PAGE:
“The idea was to turn ordinary people into drone operators who could target someone far away – except, in this case, people would not be following orders. They would have a choice about whether to shoot. And you could see the human being on the other end. Wafaa’s suffering would be visible,” Vedantam explains.

“As the days went by, Wafaa started to feel crushed by the experience.”

While Bilal’s project was a personal exploration of the violence inflicted on his people, it also questioned the intersections of humanity and anonymity – if no one knows who you are, does the disguise of the internet erode our empathy?

“I’m wondering, is there reason to imagine that there’s a connection between these two things, that the connections we have with one another online and on Twitter or social media where we often don’t know whom we are communicating with or who’s listening or who’s not listening, could this in some ways be behind this decline in empathy?” Vedantam asks.

“I think that has to do in part with some of the ways we tend to use the internet that might not be empathy-positive. So, for instance, oftentimes online, we don’t have a chance to see each other’s faces and voices in real-time interactions; the kind of richness that we have when we hang out offline. Instead, we see avatars and strings of text, and those might not be great triggers for empathy,” Zaki answers.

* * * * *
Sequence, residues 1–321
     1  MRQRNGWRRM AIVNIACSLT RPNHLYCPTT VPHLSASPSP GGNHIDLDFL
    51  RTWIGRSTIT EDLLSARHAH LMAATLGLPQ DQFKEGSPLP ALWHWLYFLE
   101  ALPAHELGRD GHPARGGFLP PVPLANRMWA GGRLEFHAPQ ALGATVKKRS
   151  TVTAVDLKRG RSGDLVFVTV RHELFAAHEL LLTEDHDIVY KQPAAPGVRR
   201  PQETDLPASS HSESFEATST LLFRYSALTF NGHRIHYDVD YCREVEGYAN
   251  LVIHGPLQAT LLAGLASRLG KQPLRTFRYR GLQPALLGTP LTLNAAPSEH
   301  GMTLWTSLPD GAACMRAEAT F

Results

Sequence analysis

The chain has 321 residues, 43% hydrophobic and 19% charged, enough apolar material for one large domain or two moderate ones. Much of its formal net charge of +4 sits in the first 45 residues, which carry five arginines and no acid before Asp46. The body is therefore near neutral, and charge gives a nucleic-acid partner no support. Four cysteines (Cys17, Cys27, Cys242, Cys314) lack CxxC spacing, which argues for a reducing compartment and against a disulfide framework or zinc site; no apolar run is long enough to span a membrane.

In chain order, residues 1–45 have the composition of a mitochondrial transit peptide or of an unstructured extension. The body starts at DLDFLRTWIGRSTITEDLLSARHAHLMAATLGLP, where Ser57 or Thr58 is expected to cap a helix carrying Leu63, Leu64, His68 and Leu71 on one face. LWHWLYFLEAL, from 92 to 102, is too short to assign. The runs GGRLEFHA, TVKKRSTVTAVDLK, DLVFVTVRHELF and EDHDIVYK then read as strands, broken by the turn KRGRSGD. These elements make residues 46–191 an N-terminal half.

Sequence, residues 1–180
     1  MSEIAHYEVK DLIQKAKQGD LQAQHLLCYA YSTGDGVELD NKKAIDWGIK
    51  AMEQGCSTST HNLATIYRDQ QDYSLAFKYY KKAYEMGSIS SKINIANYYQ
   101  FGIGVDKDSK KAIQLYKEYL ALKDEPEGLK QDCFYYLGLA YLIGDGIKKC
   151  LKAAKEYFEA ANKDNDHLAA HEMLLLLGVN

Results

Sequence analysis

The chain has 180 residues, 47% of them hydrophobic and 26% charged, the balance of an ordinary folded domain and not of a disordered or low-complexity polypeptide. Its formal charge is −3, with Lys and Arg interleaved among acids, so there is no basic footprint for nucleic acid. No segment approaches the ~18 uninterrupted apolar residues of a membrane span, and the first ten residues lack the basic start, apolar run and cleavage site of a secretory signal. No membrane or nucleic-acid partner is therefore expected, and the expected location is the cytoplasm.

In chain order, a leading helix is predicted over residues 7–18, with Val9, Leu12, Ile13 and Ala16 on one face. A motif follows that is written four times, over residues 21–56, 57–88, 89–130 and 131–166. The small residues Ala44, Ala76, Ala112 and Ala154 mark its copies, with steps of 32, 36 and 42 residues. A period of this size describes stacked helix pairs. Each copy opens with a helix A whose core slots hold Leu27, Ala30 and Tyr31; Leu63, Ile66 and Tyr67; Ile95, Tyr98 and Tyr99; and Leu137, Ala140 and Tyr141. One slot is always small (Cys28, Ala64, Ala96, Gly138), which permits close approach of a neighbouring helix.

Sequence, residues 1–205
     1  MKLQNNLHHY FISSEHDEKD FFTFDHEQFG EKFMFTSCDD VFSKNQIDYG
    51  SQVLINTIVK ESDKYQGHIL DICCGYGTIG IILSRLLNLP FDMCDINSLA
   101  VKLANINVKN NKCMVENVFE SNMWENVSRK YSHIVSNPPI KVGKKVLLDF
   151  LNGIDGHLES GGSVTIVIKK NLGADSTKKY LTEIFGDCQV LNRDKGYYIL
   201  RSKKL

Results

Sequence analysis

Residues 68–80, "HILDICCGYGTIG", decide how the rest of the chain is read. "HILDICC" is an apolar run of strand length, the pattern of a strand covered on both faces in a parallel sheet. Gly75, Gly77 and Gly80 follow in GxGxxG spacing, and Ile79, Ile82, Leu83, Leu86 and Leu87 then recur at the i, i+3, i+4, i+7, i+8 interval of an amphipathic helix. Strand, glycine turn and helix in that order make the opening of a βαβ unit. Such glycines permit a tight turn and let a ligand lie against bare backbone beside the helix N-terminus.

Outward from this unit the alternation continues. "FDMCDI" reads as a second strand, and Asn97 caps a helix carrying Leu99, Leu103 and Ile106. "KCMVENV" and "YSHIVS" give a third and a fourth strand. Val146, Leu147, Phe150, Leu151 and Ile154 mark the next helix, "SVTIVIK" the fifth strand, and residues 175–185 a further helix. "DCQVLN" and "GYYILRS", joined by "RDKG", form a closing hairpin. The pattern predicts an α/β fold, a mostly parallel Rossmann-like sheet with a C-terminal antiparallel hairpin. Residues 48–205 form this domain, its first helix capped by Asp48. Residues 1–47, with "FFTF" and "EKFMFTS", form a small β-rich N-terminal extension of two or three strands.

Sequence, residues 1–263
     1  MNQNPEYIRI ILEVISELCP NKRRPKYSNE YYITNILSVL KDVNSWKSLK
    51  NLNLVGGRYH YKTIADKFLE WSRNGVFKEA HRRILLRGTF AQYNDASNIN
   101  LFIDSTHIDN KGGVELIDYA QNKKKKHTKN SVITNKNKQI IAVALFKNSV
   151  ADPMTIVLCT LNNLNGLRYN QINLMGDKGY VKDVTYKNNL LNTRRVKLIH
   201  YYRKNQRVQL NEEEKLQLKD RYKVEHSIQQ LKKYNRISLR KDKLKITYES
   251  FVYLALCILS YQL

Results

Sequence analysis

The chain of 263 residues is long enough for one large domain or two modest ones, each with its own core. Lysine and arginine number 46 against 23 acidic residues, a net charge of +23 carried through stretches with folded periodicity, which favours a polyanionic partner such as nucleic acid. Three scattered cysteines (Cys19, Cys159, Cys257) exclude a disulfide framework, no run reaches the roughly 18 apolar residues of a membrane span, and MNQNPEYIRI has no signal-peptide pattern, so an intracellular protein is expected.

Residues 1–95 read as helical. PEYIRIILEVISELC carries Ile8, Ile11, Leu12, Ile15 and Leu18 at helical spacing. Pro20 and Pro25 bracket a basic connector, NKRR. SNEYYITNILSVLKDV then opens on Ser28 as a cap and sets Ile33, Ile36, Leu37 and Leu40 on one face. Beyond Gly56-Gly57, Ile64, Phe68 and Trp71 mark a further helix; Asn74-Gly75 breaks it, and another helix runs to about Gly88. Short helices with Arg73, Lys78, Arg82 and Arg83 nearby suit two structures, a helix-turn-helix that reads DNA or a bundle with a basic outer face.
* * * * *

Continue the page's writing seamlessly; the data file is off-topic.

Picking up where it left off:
These are important arguments for why empathy matters so much to humanity, but Vedantam also tackles the other side of the coin, asking if there are times when empathy takes on negative aspects. The possibility is that while empathy is positive, it can also be negative, depending on how we direct our empathy, and who we show empathy to.